To learn more about Compassionate Touch, you can attend a three-hour training workshop or a one-day practitioner training course to learn how to use the technique in facilities, communities or professional practices.  

You can find out more about Compassionate Touch by contacting Sue Silcox on 0402 319 361 or [email protected], or visit the BrainSparks website.

Leave a Reply

Your email address will not be published. Required fields are marked *

  1. I would like information on how to get the facility I work at to learn about compassionate touch. I am a nurse in a skilled nursing home. Thank you.

  2. I have no problem with compassionate touch the problem is that unregistered and unskilled staff don’t understand boundaries and what constitutes inappropriate touch. Watching staff kiss my mother or haul her up the bed with one hand under her neck or give her a weekly suppository (because this is what we do) without any explanation was just sickening to watch. I would recommend voluntary assisted dying rather than living in one of these places. Prison would be better. At least you would have rights. Talking about compassionate touch is just nonsense. What about providing basic care first ?

  3. Hello, Gian, and I am so sorry to hear about your experience that your mother had and that you witnessed. To me, it is very sad that, as you say “unregistered and unskilled” staff are allowed to provide care for our vulnerable members of society. My hope is that through easy to learn, relevant training we can provide much better than basic care. There is a lot of work to be done. I can only apologise if the article brought up painful memories for you and hope that those who arrange training for their staff will take note of both our messages. Thank you for expressing your concerns.

    1. I’m sorry too, especially sorry that authors like Sue are free to print biased and incorrect information.
      Aged care staff all hold at least a Cert 3 qualification which is the regulation standard.

      Someone that cares for another at home has zero qualifications but I guess you think that is ok.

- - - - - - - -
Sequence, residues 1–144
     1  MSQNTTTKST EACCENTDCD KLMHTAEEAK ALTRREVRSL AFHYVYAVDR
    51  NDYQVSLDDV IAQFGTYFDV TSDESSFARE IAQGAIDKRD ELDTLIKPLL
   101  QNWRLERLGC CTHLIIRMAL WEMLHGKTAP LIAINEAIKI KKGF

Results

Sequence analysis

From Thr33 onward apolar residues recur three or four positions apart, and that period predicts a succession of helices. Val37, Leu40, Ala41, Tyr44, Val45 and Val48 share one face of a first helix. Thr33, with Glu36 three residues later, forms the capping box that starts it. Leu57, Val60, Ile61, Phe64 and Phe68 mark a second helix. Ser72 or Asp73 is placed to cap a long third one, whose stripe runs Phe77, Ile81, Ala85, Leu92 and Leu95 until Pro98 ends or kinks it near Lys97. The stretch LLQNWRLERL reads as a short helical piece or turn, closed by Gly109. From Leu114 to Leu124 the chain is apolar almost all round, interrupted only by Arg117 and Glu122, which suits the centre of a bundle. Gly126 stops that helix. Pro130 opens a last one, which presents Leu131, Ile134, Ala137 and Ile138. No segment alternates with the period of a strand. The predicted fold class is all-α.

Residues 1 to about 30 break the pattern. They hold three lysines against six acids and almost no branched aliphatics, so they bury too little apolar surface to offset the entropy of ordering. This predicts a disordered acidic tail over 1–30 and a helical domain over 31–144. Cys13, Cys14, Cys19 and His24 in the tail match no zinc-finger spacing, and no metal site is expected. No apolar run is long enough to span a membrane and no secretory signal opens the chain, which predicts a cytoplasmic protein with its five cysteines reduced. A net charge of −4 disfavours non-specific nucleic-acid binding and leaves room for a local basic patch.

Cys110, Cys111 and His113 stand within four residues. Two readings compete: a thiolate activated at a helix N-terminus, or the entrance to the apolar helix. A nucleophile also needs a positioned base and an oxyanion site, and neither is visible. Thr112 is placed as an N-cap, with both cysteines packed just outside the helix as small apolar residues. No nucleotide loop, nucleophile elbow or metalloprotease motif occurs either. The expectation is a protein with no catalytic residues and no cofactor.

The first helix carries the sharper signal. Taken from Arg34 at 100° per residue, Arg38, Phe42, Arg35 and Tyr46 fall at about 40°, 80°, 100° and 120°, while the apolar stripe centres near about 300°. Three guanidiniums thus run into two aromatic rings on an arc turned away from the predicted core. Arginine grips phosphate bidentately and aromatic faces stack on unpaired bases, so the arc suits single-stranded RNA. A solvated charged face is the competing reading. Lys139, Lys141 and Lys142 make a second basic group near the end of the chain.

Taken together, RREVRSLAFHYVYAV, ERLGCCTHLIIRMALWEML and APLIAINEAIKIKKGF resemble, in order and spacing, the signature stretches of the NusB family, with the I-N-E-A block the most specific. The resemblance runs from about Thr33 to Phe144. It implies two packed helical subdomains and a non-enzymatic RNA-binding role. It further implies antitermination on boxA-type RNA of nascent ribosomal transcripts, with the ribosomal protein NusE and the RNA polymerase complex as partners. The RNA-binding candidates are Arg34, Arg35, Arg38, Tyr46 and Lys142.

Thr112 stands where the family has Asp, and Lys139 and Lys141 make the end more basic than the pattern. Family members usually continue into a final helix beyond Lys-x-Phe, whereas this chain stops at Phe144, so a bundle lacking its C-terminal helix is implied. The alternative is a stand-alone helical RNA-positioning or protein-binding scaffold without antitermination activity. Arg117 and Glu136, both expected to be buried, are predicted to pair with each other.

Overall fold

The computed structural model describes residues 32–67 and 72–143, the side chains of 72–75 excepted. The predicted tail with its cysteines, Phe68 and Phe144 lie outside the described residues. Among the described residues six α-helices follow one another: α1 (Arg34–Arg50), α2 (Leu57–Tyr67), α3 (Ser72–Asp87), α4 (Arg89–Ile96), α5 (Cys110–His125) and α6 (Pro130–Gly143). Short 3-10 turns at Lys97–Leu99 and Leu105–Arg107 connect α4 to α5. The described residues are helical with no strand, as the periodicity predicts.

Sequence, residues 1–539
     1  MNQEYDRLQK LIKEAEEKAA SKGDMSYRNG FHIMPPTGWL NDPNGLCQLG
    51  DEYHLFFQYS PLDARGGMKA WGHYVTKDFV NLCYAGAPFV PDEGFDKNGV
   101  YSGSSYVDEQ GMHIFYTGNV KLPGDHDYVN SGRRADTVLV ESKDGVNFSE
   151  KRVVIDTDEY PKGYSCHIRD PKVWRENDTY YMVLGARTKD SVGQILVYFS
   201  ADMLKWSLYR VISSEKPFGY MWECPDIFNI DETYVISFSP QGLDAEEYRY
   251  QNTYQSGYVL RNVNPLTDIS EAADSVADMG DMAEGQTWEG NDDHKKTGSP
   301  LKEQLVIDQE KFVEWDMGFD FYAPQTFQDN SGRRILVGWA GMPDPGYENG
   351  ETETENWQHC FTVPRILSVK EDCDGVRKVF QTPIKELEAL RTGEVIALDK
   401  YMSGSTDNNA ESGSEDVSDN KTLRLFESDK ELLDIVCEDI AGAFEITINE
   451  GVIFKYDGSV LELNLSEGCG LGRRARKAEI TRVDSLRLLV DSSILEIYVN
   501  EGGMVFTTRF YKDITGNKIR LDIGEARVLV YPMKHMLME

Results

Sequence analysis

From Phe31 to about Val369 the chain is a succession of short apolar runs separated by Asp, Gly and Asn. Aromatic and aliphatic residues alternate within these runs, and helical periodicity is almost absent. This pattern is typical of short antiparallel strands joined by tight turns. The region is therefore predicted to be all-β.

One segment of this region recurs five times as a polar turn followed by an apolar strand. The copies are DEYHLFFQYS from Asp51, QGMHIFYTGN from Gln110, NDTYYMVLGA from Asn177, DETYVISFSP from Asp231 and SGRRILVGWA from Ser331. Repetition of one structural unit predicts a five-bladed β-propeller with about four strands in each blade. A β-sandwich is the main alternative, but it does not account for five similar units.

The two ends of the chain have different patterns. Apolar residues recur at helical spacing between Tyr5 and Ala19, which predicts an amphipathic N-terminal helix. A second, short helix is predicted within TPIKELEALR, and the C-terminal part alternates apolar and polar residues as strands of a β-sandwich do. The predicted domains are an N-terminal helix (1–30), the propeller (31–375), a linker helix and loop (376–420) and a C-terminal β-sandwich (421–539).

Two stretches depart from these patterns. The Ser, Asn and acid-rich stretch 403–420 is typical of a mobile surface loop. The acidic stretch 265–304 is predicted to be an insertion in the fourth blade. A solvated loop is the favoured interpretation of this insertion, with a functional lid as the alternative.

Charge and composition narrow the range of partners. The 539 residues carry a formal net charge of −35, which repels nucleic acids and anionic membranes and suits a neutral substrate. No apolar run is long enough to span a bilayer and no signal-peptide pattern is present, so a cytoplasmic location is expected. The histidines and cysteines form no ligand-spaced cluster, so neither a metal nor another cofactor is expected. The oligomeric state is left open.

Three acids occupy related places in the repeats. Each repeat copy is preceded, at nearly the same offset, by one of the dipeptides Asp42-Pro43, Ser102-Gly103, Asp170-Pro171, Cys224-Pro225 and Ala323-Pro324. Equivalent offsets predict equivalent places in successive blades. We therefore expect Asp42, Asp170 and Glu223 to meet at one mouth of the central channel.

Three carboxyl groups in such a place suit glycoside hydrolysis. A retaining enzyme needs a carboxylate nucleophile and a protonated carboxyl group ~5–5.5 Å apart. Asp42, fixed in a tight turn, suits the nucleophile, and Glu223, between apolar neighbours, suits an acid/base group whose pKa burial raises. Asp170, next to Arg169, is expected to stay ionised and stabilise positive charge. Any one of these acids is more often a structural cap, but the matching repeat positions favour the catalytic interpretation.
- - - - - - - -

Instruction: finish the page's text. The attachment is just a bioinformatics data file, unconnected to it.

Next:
You also don’t need any qualifications to have a baby but you would believe that some extraordinary qualifications is necessary.

      The vast majority of people in care are well looked after and it says more about the daughter than the staff if she feels sickened by seeing her mother being kissed don’t you think.
      If I saw my mum being given a kiss or cuddle I’d say thank you.

  4. Oh dear, Anton, it appears that I have created controversy, which was not my intention. I hope you will agree that we all have different perceptions of the same situation. As the author, I feel I should respond to the comments, even though I only have access to a small window of an event.

    We all can make mistakes, whatever field we are in and however qualified we are. Similarly, we all have bad days. And we all see things from our own perspective.

    I still stand by the belief that practical training courses that tap into how it feels to do something can help raise a level of understanding and create “aha” moments, embedding the concepts learnt in a more formal setting, such as Cert III. Whatever the skillset, understanding brings better care – whoever you are caring for.

Banner Banner
Banner Banner

Elderly Veterans – Fading quietly away before our eyes

These proud old men and women who gave so much for Australia, are quietly fading away before our eyes. For many living veterans memories of the days gone by still haunting them. Some still unable to speak or bring themselves to relive the torment of the Japanese or Germans in World War II. It is the elderly veteran... Read More

“Give her a Panadol”: Was grandmother’s death due to ambulance ramping?

Reports of patients stuck for hours in waiting rooms and ramped ambulances are common in Queensland’s “swamped” hospital system. Now one family is demanding answers after their loved one died. Read More

The fight or flight response in people with dementia: Angry reactions might not be what they seem

A common trait of people living with dementia as their condition progresses can be that they often appear angry and are even known to lash out at their carers. Read More
Banner Banner